Romney campaign advisers insist that they are moving forward one state at a time and not taking any contest for granted. Yet Republican observers see Romney executing an ambitious strategy that would quickly maximize his momentum and try to quash any further surges by his rivals.
“If Romney wins the first four states, he’ll be the de facto nominee of the party,” said Steve Schmidt, a senior strategist on Sen. John McCain’s 2008 GOP campaign who is unaffiliated in the current race. Ed Rogers, another unaffiliated Republican strategist, said the notion that Romney may wrap up the nomination by Jan. 31 is “perfectly plausible.”
The new Romney push hinges on his performance in South Carolina, a more traditionally conservative state where he finished fourth in 2008 and until recently appeared to face an uphill fight. But South Carolina’s conservatives do not yet appear to be uniting around a single alternative, opening a path to victory by plurality. A poll released Friday showed Romney with an 18-point lead in the state over his closest opponent, former Pennsylvania senator Rick Santorum, who had 19 percent support; former House speaker Newt Gingrich followed at 18 percent.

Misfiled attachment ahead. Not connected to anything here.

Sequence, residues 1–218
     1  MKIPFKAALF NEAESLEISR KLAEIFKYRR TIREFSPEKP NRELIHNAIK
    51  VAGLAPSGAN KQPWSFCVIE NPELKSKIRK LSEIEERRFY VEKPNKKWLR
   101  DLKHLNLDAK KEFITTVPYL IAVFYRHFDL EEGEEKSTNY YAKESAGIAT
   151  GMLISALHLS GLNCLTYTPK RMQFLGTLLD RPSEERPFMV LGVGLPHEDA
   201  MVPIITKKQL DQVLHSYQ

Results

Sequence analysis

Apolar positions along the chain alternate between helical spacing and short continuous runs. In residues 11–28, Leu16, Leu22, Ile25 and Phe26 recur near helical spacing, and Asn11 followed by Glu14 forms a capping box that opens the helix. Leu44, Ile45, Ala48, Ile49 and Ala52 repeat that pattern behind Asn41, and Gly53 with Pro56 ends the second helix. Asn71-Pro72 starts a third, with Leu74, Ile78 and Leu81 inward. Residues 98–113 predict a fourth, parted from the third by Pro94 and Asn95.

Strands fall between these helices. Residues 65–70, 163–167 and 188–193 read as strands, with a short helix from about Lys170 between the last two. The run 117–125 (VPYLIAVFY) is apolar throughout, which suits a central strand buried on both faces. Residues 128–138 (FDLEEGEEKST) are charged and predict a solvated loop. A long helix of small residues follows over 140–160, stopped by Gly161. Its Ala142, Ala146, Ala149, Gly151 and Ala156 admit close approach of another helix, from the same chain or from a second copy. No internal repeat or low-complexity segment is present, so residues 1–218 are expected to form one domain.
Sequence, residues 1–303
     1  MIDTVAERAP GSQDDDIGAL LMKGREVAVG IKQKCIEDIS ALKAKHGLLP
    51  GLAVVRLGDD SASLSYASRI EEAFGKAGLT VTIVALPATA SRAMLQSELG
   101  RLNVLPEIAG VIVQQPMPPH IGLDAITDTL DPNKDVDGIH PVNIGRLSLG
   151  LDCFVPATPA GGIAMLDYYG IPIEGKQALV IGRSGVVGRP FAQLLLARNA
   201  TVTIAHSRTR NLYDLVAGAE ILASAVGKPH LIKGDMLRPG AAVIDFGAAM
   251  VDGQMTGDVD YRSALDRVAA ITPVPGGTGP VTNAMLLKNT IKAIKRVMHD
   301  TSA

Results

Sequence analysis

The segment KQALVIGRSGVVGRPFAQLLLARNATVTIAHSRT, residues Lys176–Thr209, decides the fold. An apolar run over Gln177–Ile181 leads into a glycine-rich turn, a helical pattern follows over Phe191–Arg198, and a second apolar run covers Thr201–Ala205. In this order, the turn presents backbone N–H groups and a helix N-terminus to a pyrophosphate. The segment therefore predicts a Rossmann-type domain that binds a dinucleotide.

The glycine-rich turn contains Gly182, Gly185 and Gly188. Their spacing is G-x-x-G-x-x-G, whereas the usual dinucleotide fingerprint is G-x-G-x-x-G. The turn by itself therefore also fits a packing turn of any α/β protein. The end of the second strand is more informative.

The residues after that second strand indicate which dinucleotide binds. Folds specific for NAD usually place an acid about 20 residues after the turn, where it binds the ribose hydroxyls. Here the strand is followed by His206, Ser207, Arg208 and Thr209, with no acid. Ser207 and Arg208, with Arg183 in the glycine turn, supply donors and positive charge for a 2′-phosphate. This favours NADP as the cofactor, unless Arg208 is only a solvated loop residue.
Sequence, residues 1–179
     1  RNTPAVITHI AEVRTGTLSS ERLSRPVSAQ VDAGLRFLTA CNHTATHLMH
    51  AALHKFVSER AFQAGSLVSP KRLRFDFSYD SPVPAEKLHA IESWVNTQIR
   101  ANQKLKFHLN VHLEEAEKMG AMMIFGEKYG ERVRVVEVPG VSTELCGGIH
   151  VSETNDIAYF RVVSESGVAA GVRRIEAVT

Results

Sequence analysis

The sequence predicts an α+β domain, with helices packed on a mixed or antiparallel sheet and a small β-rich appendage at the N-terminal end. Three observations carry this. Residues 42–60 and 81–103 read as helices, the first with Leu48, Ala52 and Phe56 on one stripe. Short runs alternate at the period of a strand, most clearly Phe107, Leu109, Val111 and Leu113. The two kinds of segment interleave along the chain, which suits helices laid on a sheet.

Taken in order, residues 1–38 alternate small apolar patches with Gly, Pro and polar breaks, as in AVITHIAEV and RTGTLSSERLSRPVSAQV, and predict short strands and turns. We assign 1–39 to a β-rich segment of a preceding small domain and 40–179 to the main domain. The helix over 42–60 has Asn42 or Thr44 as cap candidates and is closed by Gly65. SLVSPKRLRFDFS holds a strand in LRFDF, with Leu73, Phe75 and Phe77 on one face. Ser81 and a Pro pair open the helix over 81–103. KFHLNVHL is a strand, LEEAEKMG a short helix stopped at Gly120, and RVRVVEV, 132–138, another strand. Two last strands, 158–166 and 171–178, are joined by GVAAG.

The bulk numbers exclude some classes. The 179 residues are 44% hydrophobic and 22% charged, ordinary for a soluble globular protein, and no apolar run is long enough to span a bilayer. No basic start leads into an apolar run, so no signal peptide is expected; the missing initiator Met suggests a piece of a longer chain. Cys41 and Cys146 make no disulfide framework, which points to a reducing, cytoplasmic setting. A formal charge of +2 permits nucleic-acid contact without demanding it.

Romney is airing television advertisements across South Carolina, the most recent highlighting his opposition to the National Labor Relations Board’s unsuccessful attempts to prevent Boeing from moving its operations to the state to avoid dealing with unionized workers elsewhere. On Thursday afternoon, Romney swooped into Charleston and Conway for an 18-hour campaign swing with McCain, who won the South Carolina primary in 2008 on his way to the nomination. McCain has been calling his supporters there urging them to get behind Romney.
“He’s gonna win in New Hampshire, and it’s gonna come down, my friends, as it always does, to South Carolina,” McCain (Ariz.) said Friday.
Other surrogates, including New Jersey Gov. Chris Christie, will visit South Carolina before the Jan. 21 primary, while some of Romney’s Iowa staff members have begun relocating there. Romney plans to return next week. “As soon as New Hampshire’s over, he’ll be living here,” said South Carolina Treasurer Curtis Loftis, Romney’s state chairman.
Romney is also reaching out to tea party activists with an electability message. Loftis addressed a tea party rally in Greenville this week, while South Carolina Gov. Nikki Haley is mobilizing the grass-roots network she assembled for her 2010 race. Loftis said he cut a radio advertisement on Romney’s behalf, along with Haley and conservative commentator Ann Coulter.